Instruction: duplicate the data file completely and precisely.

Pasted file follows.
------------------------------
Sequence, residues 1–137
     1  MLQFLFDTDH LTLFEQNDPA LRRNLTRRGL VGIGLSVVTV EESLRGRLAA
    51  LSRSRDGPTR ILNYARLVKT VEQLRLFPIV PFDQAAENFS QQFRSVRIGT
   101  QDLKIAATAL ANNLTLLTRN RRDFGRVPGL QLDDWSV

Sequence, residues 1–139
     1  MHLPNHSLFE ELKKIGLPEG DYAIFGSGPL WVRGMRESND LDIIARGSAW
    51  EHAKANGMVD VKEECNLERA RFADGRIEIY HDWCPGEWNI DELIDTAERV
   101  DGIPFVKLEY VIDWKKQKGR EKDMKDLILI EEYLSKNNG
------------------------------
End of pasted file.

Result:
Sequence, residues 1–137
     1  MLQFLFDTDH LTLFEQNDPA LRRNLTRRGL VGIGLSVVTV EESLRGRLAA
    51  LSRSRDGPTR ILNYARLVKT VEQLRLFPIV PFDQAAENFS QQFRSVRIGT
   101  QDLKIAATAL ANNLTLLTRN RRDFGRVPGL QLDDWSV

Sequence, residues 1–139
     1  MHLPNHSLFE ELKKIGLPEG DYAIFGSGPL WVRGMRESND LDIIARGSAW
    51  EHAKANGMVD VKEECNLERA RFADGRIEIY HDWCPGEWNI DELIDTAERV
   101  DGIPFVKLEY VIDWKKQKGR EKDMKDLILI EEYLSKNNG